The Scottish entrepreneur Sir Tom Hunter has slammed the management team at Flying Brands for their inaccurate forecasts and threatened to become a “more active” investor, following a profits warning from the home shopping group yesterday.
Jersey-based Flying Brands, in which Sir Tom’s investment vehicle West Coast Capital owns a 29.9 per cent stake, said its full-year profit expectations would be £1.4m, which is £0.5m lower than expected – sparking a furious response.
A West Coast Capital spokesman said: “As late as last week, we were told categorically by the [Flying Brands] management team the business was on target to meet its profits forecasts of £1.9m only to find today it is not – being out by £0.5m is not great forecasting.”
He added: “Last year, we attempted to acquire this business citing its need to significantly restructure; today we see why.” West Coast Capital walked away from takeover talks in November.
Flying Brands – whose portfolio includes Flying Flowers, the flower delivery arm and Gardening Direct, the mail order business for gardening products – blamed the decline on customers switching to lower margin flowers and higherthan expected delivery costs, but declined to comment on Sir Tom’s broadside.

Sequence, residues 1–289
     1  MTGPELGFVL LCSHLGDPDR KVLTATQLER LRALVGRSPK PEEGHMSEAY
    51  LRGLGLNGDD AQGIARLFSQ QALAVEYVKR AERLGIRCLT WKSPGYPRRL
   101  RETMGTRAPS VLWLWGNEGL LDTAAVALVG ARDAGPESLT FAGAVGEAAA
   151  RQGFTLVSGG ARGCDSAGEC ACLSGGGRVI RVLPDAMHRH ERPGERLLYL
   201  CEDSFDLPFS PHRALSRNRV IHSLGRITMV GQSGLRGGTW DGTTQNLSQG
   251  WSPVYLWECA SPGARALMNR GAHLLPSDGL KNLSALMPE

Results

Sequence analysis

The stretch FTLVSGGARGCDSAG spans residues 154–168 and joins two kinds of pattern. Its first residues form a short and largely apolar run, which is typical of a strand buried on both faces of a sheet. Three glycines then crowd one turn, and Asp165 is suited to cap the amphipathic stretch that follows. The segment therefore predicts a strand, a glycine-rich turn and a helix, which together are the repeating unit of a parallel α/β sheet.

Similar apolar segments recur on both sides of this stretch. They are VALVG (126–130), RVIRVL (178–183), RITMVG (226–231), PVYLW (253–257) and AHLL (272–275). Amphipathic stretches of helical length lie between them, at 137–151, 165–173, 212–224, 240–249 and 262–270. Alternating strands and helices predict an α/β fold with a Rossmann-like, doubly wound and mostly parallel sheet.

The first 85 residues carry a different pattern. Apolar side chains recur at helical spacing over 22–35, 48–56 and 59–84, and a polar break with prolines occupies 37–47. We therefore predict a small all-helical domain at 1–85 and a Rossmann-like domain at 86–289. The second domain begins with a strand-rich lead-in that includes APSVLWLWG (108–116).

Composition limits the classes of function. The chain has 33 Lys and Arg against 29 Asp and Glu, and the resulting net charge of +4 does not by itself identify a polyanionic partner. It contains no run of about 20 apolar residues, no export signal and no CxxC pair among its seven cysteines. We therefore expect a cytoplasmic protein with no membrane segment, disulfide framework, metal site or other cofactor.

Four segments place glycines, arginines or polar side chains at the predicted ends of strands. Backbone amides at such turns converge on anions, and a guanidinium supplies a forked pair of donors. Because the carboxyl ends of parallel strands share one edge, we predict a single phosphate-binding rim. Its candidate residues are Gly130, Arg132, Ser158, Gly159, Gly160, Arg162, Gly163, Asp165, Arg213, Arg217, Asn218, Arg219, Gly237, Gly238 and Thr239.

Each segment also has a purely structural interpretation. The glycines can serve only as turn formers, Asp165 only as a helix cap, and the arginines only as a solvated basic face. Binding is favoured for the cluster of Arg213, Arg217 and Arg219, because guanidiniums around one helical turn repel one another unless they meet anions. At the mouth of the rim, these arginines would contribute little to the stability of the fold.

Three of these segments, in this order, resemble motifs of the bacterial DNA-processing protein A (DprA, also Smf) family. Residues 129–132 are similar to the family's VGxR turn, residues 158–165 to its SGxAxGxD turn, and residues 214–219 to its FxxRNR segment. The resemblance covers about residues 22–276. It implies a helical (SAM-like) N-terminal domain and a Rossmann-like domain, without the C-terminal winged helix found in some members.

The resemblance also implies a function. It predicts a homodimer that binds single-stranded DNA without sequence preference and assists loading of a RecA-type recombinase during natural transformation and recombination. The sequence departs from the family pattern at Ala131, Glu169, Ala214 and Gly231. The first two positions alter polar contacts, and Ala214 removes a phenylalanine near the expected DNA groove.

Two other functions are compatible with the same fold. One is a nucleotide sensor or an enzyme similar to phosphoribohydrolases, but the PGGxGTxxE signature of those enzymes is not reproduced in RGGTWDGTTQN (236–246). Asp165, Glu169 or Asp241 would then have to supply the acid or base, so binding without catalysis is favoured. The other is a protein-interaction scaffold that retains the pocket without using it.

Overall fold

Sir Tom’s investment portfolio has taken a pounding during the credit crunch. Last month, West Coast Capital bought its young fashion chain, USC, out of administration, shedding 15 unprofitable stores. Last month, Sir Tom – who last year pledged to give £1bn to charitable causes over his lifetime – was also forced to hand over a large chunk of his stake in Wyevale, the garden centre labouring under hefty debts, in a debt-for-equity swap with HBOS.
The West Coast Capital spokesman said: “We will not now stand back and see the value in this business [Flying Brands] further eroded for us and all other shareholders.” It is understood that West Coast will initially talk to the company about restructuring its operations, including reducing supply chain costs.
However, as a last resort, Sir Tom may call for an extraordinary general meeting where shareholders will be asked to vote on whether to remove some or all of Flying Brands’ board.
Flying Brands said it continues to pay down its debt on schedule. Its gross cash balance was £2.3m at the year end with banks loans of £5.2m.Reuse content